Inheritance Tax (IHT) is a 40% tax, levied by the UK government, that is applied to your estate after you die. The allowance or ‘Nil Rate Band’ is £325,000 per person but there are a few other things to understand…
- There is no IHT to pay if your estate is below £325,000. However, its important to understand the full extent of your estate; what it comprises of and its total value……..you might well be surprised if you are harbouring the belief that your estate is under £325K!
- If you own a residential property this may allow you to claim the Residence Nil Rate Band (RNRB). The RNRB essentially increases your IHT allowance by a further £175,000, bringing your total allowance to £500,000.
- There is no IHT payable between spouses or civil partners, this means you can leave any amount of assets to your spouse without any IHT and without using your NRB or RNRB.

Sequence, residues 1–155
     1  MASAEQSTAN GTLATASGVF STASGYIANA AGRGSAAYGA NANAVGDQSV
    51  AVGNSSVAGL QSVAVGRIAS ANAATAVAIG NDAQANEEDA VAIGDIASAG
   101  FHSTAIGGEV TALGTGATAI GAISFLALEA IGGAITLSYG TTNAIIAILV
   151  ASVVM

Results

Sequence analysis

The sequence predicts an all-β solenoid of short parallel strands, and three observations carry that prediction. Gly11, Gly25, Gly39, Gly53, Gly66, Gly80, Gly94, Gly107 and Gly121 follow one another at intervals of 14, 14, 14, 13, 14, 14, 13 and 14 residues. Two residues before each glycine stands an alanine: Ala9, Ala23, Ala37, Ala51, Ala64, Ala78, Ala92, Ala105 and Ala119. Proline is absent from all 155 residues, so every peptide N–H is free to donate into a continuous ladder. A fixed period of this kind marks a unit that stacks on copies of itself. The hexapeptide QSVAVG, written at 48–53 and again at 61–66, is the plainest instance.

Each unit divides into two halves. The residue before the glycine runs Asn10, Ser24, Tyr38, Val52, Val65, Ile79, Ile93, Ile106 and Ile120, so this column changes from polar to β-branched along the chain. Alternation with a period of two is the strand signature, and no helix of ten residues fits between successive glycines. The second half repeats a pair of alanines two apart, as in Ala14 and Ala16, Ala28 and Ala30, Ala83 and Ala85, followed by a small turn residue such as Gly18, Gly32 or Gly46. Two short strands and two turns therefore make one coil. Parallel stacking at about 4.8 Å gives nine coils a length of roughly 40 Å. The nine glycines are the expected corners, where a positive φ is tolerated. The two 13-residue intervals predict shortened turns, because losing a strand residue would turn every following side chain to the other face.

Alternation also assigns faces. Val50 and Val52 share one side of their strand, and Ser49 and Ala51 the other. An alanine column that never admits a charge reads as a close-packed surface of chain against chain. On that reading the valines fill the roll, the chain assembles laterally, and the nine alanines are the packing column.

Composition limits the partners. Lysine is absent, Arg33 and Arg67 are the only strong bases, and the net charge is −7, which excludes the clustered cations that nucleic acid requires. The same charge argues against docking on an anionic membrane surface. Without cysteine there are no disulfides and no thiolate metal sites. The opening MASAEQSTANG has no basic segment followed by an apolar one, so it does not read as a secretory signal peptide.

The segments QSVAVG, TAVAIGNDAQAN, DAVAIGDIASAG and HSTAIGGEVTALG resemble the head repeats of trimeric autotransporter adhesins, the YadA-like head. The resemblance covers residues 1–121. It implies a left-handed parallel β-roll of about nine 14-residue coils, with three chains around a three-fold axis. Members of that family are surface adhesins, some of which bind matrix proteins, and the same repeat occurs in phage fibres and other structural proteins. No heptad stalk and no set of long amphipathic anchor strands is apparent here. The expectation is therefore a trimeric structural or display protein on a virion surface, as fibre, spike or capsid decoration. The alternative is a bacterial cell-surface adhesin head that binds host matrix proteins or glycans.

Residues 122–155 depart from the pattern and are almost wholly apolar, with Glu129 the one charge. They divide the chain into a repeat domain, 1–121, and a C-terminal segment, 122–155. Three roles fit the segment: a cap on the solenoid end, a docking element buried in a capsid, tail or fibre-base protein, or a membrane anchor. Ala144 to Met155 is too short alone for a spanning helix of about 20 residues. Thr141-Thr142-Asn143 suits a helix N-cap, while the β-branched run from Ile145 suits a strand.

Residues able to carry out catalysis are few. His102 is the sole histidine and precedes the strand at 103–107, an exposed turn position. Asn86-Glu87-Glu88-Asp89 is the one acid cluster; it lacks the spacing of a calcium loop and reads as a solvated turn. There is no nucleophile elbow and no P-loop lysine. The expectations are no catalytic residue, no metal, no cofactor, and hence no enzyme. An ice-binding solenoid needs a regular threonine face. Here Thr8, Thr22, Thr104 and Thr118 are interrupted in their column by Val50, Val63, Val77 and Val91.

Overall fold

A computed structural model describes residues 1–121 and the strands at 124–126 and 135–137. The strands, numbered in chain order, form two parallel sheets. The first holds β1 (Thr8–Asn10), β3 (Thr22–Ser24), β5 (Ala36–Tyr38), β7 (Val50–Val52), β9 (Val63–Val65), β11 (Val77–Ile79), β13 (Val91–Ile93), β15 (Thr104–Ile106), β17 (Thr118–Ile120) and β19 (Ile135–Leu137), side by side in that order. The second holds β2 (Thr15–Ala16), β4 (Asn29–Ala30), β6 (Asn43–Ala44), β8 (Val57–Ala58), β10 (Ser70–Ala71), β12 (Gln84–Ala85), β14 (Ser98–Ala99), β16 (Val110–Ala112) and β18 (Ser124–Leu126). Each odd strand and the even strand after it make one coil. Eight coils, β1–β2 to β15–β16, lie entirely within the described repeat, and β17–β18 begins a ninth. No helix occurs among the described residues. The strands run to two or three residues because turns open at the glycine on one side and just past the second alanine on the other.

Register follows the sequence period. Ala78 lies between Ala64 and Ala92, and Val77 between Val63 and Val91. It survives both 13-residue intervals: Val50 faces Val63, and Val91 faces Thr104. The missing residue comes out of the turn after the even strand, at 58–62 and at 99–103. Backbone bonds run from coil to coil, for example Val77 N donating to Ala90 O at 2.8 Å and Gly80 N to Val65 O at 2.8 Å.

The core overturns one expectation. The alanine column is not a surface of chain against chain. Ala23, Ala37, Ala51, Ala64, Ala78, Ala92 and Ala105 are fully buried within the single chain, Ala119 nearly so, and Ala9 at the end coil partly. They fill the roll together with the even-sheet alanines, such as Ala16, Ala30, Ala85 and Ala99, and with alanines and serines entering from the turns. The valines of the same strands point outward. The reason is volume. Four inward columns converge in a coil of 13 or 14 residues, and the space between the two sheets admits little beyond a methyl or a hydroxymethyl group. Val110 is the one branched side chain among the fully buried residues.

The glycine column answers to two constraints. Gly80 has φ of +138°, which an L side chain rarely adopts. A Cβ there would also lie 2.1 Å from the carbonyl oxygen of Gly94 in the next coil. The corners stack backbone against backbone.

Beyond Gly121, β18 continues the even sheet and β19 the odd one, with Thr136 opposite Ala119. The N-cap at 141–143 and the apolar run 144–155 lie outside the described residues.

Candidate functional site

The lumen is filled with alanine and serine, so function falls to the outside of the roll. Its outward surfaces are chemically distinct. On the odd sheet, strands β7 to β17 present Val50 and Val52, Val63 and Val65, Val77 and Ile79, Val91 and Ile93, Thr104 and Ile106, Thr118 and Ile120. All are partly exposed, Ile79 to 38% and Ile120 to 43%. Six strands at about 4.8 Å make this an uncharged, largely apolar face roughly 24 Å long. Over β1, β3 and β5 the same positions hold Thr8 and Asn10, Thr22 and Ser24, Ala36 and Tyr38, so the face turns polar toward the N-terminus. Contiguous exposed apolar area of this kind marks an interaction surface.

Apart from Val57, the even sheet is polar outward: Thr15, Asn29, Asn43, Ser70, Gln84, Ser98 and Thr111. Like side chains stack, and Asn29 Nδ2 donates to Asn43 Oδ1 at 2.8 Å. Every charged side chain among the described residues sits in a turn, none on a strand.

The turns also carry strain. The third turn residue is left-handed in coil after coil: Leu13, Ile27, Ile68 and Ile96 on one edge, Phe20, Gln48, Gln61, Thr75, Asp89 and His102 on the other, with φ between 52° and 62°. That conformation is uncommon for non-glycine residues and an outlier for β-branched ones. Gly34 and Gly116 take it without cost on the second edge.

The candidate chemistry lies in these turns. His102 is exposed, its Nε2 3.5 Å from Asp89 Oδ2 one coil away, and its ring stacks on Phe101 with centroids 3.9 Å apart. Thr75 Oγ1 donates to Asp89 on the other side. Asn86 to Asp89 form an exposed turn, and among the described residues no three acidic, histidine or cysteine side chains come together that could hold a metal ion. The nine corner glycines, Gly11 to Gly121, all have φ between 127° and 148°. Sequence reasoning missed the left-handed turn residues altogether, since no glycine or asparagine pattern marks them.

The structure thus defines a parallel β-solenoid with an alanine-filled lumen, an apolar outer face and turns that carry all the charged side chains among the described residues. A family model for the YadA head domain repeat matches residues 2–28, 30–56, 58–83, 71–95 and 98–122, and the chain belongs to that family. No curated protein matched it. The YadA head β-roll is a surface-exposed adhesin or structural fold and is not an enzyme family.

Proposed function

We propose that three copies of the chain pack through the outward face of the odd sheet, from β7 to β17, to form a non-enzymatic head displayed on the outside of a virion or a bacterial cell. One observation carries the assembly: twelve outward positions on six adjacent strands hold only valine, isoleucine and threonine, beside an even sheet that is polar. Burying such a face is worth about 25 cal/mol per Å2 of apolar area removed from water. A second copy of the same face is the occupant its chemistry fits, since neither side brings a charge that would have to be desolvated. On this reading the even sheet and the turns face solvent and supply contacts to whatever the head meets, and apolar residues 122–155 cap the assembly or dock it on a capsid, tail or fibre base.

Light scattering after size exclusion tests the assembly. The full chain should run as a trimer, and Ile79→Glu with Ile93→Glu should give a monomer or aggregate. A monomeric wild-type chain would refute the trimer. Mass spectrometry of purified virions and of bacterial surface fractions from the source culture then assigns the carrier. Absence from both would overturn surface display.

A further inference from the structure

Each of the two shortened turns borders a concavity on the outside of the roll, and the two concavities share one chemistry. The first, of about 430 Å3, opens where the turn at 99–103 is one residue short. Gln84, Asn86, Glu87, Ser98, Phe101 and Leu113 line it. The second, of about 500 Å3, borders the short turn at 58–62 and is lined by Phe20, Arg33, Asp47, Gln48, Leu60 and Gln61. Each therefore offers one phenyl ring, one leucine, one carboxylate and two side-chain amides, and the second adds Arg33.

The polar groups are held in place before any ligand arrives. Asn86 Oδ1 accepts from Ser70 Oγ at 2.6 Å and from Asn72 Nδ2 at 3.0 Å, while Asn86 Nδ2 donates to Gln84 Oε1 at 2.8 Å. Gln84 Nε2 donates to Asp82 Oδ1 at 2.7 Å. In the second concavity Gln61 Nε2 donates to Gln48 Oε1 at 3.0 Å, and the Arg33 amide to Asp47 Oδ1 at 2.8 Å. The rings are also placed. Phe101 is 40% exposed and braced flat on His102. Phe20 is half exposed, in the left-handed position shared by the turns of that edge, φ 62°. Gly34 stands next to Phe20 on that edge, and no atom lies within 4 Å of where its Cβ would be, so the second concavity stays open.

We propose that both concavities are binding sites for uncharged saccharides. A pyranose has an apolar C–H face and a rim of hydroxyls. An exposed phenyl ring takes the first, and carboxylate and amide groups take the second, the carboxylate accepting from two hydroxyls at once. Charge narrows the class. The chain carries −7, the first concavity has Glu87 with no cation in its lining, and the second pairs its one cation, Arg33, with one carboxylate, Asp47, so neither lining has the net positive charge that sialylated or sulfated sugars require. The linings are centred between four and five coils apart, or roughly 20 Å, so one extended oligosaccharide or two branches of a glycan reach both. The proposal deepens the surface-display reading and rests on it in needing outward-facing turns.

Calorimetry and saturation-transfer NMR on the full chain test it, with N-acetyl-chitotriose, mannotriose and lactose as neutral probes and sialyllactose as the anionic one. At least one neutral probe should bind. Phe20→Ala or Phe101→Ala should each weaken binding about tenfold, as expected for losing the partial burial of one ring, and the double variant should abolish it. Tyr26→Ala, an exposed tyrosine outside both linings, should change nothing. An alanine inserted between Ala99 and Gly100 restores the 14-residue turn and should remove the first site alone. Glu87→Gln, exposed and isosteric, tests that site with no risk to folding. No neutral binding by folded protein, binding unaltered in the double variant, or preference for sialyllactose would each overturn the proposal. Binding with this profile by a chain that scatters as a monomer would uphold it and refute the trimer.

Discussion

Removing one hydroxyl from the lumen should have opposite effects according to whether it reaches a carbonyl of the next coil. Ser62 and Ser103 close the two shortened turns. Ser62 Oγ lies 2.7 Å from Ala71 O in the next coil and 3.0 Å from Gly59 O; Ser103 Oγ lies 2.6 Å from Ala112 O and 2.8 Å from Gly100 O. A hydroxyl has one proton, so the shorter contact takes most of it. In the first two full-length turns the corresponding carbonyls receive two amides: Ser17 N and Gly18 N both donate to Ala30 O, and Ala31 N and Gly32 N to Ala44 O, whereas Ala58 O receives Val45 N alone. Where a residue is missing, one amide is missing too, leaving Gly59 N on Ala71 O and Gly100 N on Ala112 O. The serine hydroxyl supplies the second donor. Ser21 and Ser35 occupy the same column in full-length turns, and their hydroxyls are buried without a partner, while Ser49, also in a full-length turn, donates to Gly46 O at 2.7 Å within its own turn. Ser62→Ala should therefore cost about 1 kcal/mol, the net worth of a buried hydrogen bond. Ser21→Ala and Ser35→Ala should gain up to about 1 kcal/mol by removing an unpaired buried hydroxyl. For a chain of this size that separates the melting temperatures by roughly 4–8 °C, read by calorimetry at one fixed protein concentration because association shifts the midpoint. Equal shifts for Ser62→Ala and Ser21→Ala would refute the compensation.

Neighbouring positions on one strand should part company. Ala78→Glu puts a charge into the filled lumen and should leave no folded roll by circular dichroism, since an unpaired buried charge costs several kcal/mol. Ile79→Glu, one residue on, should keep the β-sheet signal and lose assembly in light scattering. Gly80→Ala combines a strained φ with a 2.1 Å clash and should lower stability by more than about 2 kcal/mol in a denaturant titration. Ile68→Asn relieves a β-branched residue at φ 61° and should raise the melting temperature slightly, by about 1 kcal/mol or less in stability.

- If you are married or in a civil partnership, the allowances are transferrable, this can be complicate, though in short it could allow a married couple with children to leave £1,000,000 to their children without IHT being payable.
- Your estate can benefit from a reduced rate of IHT at 36%, on some assets, if you leave 10% or more of the net value of your estate – to a charity within your Will.
- You can ‘Gift’ up to £3000 in any year that isn’t liable to IHT provided you survive for 7 years after the ‘Gift’ was made.
It is essential that you enlist the expertise and help of an independent estate planning professional. Through effective estate planning, which takes into account the above points (1 to 5) as well as other aspects such as a Will, your pensions, your life insurance, business relief and trusts – the IHT liability on your estate can be greatly reduced whilst establishing a means with which to pay any remaining IHT.
Effective estate planning will give you complete peace of mind in respect of IHT and indeed any other issues, whilst ensuring that as much of your estate as possible goes to your family and other nominated beneficiaries